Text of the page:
I am a Cristobal Huet FAN.
I celebrate the man’s entire catalog. For my money, it doesn’t get any better than when he sings “When A Man Loves A Woman.”
OK, for those of you who haven’t seen Mike Judge’s brilliant 1999 comedy, Office Space, that’s what I’m riffing on above. For those of you who have, chuckle accordingly.
Big win last night for a flat Hawks team against the game Blue Jackets. Lots of heroes: Kris Versteeg with one of the sweetest stick moves you will ever see. Brent Seabrook, coming up big in the eleventh round of the shootout to win the game, with a better deke than nearly all the Hawk forwards preceding him. Duncan Keith, further cementing his reputation as arguably one of the top 2-3 defensemen in the league with another brilliant 2-way performance.
But my biggest hero, and I suspect for a lot of fans this morning, is #39.
Honestly, as a frequent visitor to this and other Blackhawk fan boards, I am shocked at how many die-hard Huet haters are now coming around and grudgingly admitting: “we can win with this guy.”
I have said this before and I’ll say it again; the man from St. Martin D’Heres is the most over-analyzed, and probably the most unfairly maligned, goalie in hockey.
He is not the athlete that Dominik Hasek was. Not even close. His backup, Antti Niemi, is a better athlete than he is. He is not the textbook, positional goaltender that so many in the NHL are: Luongo, Brodeur, etc. He is not the fiery personality Luongo is or Billy Smith was. Again, not even close.
He can be streaky, both good and bad. He can give up the soft goal or deliver a weak game.
But he is a lot of good things, not the least of which are a battler, and a model teammate.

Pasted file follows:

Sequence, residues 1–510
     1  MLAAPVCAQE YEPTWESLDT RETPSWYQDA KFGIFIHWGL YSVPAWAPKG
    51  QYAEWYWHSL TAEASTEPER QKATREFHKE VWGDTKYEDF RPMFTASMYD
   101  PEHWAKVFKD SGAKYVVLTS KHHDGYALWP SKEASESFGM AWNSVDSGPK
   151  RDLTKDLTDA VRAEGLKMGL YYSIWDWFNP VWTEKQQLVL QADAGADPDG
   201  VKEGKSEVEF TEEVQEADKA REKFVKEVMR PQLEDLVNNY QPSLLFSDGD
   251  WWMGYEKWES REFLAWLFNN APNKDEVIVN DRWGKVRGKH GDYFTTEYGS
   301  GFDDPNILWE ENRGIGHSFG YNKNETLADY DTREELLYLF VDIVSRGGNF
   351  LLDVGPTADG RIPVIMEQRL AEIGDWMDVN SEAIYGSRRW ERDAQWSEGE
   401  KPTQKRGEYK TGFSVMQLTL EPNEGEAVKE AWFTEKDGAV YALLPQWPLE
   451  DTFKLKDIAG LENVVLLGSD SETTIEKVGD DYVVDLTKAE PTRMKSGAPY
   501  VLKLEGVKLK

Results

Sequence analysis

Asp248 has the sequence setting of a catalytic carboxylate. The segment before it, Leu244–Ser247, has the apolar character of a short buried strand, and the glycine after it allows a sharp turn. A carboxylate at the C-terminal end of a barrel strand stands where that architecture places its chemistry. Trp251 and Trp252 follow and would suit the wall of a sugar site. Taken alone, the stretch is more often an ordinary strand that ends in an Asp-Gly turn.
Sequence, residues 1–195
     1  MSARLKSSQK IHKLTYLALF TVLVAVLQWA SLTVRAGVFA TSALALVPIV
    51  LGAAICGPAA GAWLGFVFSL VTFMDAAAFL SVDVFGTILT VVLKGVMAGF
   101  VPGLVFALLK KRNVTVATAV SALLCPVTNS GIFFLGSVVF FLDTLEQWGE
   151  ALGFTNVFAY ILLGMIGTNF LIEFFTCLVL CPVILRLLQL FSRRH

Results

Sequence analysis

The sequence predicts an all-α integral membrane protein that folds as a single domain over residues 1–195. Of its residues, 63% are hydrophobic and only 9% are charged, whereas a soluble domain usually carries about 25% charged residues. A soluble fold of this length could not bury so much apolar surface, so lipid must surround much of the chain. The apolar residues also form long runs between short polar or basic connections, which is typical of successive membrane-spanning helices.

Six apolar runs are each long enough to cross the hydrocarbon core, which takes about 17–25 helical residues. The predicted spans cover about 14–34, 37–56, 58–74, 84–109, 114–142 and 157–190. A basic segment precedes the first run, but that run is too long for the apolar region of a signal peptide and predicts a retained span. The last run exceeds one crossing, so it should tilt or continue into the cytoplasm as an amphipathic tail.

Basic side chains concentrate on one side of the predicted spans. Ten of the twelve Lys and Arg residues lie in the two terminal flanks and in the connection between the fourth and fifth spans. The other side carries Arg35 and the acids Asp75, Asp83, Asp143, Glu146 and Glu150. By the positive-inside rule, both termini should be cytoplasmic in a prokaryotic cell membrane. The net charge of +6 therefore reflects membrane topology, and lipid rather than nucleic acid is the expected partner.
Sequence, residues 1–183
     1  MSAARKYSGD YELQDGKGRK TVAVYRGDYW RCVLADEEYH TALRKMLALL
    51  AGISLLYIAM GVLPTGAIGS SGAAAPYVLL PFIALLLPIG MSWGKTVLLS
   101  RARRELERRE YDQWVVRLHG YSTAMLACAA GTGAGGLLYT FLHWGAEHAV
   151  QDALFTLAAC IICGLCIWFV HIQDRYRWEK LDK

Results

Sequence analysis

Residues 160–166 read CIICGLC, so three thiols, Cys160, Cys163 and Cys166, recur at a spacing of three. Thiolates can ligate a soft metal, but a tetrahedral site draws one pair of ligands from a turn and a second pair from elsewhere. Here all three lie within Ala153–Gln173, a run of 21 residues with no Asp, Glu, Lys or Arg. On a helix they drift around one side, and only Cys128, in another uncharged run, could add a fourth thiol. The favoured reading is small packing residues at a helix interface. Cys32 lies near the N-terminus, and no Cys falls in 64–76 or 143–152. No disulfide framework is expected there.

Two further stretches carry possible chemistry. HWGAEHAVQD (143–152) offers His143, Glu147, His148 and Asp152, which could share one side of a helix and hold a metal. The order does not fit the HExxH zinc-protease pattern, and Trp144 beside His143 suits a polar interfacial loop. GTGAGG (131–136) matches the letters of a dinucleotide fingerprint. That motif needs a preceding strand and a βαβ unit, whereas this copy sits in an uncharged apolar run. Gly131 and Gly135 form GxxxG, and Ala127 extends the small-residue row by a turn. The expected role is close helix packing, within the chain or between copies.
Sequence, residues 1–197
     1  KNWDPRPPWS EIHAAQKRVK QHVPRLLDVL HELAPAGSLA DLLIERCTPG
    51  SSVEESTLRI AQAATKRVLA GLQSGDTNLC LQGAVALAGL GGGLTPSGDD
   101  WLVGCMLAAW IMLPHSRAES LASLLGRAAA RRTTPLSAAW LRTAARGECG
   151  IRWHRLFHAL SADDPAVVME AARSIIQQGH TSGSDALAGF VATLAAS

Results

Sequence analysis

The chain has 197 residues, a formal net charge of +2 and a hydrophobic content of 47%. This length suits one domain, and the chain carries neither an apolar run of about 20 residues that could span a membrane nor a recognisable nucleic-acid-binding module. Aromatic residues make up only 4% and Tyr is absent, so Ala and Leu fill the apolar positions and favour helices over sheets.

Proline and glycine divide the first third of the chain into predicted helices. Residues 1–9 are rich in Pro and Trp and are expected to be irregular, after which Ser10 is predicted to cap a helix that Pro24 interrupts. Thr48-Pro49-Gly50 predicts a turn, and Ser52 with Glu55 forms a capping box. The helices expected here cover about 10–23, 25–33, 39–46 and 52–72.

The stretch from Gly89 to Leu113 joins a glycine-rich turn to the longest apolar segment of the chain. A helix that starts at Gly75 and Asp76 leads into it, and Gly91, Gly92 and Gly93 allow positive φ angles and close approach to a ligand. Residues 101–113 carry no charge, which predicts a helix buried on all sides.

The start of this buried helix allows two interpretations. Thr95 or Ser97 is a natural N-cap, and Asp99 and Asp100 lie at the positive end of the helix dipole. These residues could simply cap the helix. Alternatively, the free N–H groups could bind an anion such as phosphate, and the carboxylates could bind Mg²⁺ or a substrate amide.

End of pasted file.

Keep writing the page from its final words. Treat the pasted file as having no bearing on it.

You see all goalies, even Hall of Famers and Vezina winners give up soft goals and bad games. Huet—as he showed in game 5 of the Western finals last year, after he was dealt from Montreal to Washington in favor of Carey Price, as he showed after a wretched start this season— always takes responsibility on himself, never points fingers and battles back to perform brilliantly.
Last night was Huet in microcosm. He played well at times, but he did have one softie and one iffy goal scored in regulation. But he seemed to dial it in in the third period. He really wasn’t tested in OT, except once when he came up big.
In the shootout though, he was brilliant. Yes, he did give up a goal to Jakub Voracek early on. But his reaction was very telling; he looked up in the air, as if replaying the goal in his mind, shook his head as if to say “d---, I know what he did.” And he locked it down from there. Another nine Blue jacket shooters could not solve Huet.
And it was Huet at his best: calm, big in the net, taking a lot of things away and not overreacting.
Many anti-Huet Hawk fans have theorized that the team lacks faith in Huet, and they don’t play as well in front of him as they did Nikolai Khabibulin. Au contraire. Aside from the fact that Huet is a much, much better puckhandler than Khabibulin is, this team has lit it up in front of Huet this year. Further, a little inside information I have is Hawk players greatly admire the Frenchman for his willingness to take responsibility, deflect credit and work hard for the team.
After his miserable start to the season, he stood up in front of his teammates at one point and said, essentially, “this is all on me. I can do better. And I will. Stick with me.”
And as he did last night, Huet delivered. He will have some bad games, folks, but he is proving to a lot of doubters he will battle back and win a lot more.